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Tiers of Joy

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The first thing most people ask Liliana Bindas, who runs Jean-Jacques Bakery (3136 W. Cary St.) with her father, is how she doesn't cave to constant temptation. Except for the rare crème brûlée, "I'm too busy to sit down and eat it," she says. "And I've been around it since I was born -- I appreciate it, but I'm not going to eat it every day."

Her age — 23 — tends to surprise people who come to the Carytown bakery to dream up custom cakes for their big life-moments and see a wisp pulling out the giant portfolio. One taste builds trust, she swears. For that, she gives credit to her father, Jozef Bindas, and co-baker, Laura Reynolds, who crank out some 200 baguettes, 150 croissants and Danish and 2,000 cookies a day, alongside an ever-bolder parade of cakes, made-to-order for some very specific and occasionally creative Richmonders.

Style: What is the trendy cake-face ordering lately?

Bindas: There are so many shaped cakes it's insane. People are still into the bow and box cake, but that's not so fascinating anymore. We've had a full sized torso — the men love it for a bachelor party — and [in a whisper] it has these ginormous boobs. Guys go headfirst into these cakes. Lots of mothers want to buy their 21-year-old a cake in the shape of a liquor bottle. We've done a Louis Vuitton purse for a woman's birthday, R2-D2 for a wedding of some "Star Wars" fans, a Jimmy Buffett cake for a groom's cake with pralines for the sand, a corset for a bridal shower, pea pods for a baby shower — all kinds of things.

And has Richmond's reputation for, shall we say, cautiously conservative spending been an issue?

If you're going to spend money for a cake, it's got to be something good. If people are so used to buying cheap sheet cakes, when they get something this different, they're hesitant, they're scared. But people have called me after receptions — the guests even — and they have noticed its quality. There are certain things you will remember at weddings — the food, the cake, and how much fun they had at the reception. An awful cake is not the way to end the night.

Isn't it really all about the icing?

When I eat a cake I don't want to be grossed out by the icing. Most times the icing gets thrown away. We don't like using fondant because it's not the best tasting. A lot of places like to use it because it's easy, like putting a blanket on something. It's not like you can make fondant taste great — it's powdered sugar and corn syrup. Almost all of our cakes have butter-cream icing, and I don't think there's anything better than using fresh, real ingredients. A lot of bakeries take shortcuts and use artificial flavors.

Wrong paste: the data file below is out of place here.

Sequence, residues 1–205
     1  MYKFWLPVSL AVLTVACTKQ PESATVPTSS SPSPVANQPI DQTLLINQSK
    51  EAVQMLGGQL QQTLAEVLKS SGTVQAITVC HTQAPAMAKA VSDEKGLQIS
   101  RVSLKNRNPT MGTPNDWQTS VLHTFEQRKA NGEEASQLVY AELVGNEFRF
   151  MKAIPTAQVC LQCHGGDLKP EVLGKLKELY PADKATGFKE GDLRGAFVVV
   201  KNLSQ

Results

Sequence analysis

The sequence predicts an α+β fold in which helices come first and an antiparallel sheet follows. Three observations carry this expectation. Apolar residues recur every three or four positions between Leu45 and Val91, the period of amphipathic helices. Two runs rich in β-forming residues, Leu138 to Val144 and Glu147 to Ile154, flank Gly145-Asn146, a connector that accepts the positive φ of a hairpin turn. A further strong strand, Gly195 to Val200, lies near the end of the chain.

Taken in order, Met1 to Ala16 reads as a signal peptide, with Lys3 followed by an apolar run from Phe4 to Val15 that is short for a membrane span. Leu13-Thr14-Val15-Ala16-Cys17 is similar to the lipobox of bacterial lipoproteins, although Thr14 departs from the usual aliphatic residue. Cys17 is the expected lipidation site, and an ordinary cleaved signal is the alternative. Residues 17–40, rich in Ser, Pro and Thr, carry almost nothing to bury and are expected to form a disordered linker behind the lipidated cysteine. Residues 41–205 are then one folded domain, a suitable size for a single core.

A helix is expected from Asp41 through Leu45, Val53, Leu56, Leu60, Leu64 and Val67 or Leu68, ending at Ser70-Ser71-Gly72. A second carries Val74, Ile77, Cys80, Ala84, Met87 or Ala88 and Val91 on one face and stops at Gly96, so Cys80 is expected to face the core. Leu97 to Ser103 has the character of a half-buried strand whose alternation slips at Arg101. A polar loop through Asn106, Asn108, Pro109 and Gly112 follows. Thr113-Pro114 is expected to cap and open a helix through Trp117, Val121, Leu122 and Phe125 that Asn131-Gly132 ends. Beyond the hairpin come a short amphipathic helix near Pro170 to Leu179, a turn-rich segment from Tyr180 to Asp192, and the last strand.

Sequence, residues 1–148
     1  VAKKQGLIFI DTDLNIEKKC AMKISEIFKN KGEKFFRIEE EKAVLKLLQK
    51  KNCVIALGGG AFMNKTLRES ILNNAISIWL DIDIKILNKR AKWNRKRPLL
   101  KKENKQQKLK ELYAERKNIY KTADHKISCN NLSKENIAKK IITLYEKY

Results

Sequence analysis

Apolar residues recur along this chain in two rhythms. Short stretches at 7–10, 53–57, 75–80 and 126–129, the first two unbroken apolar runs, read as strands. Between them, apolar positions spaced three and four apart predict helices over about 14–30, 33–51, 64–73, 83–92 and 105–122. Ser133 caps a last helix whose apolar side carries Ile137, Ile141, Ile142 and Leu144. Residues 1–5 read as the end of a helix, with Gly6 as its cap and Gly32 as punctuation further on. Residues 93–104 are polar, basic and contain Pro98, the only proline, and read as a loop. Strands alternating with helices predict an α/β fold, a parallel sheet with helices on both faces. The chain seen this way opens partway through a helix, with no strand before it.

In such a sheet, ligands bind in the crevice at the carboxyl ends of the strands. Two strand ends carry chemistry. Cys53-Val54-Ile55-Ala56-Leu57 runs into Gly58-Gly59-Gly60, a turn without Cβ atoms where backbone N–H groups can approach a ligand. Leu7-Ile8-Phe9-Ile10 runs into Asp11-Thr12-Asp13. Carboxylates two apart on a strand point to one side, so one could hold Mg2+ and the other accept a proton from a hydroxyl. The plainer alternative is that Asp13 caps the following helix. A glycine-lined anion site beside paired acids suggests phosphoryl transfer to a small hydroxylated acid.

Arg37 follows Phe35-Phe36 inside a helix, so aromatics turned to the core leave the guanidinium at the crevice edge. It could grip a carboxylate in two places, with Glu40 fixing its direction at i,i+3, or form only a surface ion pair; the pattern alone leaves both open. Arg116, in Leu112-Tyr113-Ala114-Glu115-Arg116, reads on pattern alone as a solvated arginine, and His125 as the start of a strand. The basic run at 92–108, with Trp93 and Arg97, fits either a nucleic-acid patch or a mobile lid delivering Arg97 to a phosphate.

Has the Food Network show "Ace of Cakes" set off a frenzy here for a higher-end cake design?

I've recently seen a change with more and more unusual requests. They see these dream weddings on TV and "Ace of Cakes." Martha Stewart. Most of the time, they come in with lots of pictures from magazines. They show me what they like, I tell them what they can do, what kind of material we can use. I'll draw them a picture to give them something visual, which they say really helps.

People now really want color — brides are asking for pinks, oranges, greens. We add real ribbon sometimes. People want crazy things but don't always understand the prices. Most people are happy with basic things — simple filigree, tri-dots — but sometimes I wish they would be more adventurous.

Do people think it's blasphemous that you don't sell pound cake?

A lot of people don't know that some people like pound cake and others don't. It's big in Southern culture, but we don't do it because we believe it's too heavy for an after-dinner dessert. Heavy is the last thing anybody wants after a dinner or heavy hors d'oeuvres. A lighter cake is what will be eaten and enjoyed. S

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